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Total Dissolved Inorganic Carbon Sensor Based on Amperometric CO2 Microsensor and Local Acidification

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We present a dipping probe total dissolved inorganic carbon (DIC) microsensor based on a localized acidic microenvironment in front of an amperometric CO2microsensor. The acidic milieu facilitates conversion of bicarbonate and carbonate to CO2, which in turn is reduced at a silver cathode. Interfering oxygen is removed by an acidic CrCl2oxygen trap. Theoretical simulations of microsensor functioning were performed to find a suitable compromise between response time and near-complete conversion of bicarbonate to CO2. The sensor exhibited a linear response over a wide range of 0-8 mM DIC, with a calculated LOD of 5 μM and a 90% response time of 150 s. The sensor was successfully tested in measuring DIC in bottled mineral water and seawater. This DIC microsensor holds the potential to become an important tool in environmental sensing and beyond for measurements of DIC at high spatial and temporal resolution.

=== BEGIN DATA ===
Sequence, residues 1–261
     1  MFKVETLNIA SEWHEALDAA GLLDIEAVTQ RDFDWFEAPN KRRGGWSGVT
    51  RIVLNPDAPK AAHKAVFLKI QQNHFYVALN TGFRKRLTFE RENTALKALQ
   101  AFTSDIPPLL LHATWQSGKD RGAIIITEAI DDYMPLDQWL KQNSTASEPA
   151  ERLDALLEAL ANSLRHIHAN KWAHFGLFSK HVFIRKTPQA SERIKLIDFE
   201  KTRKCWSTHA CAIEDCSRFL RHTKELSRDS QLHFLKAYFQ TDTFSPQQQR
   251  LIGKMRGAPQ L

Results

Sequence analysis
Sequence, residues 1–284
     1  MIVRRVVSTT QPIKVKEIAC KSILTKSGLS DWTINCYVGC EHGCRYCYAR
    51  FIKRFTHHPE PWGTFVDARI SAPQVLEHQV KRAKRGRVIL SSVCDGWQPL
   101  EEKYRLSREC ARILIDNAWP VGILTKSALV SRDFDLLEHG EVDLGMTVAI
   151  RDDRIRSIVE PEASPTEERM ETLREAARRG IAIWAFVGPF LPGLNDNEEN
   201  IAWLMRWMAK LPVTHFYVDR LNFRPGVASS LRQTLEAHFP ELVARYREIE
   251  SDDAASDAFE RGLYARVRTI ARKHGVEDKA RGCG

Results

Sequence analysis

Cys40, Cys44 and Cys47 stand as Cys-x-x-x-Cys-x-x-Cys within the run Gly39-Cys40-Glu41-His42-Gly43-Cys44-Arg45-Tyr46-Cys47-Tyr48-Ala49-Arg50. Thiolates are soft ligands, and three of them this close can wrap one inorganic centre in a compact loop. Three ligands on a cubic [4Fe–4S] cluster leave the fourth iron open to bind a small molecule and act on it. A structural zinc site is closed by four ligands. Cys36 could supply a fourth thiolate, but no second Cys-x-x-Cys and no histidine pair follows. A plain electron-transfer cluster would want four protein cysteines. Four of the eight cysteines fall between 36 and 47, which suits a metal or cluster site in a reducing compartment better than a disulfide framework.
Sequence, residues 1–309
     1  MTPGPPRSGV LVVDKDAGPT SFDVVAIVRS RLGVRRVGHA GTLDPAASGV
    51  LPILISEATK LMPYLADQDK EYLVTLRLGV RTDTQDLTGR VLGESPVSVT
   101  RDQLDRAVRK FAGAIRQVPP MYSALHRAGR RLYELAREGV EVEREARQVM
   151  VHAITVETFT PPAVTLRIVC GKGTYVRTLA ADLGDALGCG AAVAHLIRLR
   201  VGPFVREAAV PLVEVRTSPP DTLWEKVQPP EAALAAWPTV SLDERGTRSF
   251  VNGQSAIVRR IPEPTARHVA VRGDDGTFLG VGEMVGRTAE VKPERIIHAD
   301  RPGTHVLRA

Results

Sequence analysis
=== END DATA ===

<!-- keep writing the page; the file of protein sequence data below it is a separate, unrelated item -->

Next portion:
Original languageEnglish
JournalACS Sensors
Pages (from-to)2529-2533
Number of pages5
Publication statusPublished - Jul 2021

Bibliographical note

Publisher Copyright:
© 2021 American Chemical Society

    Research areas

  • Clark-type sensor, Dissolved inorganic carbon, equilibrium, microsensor, pH microenvironment

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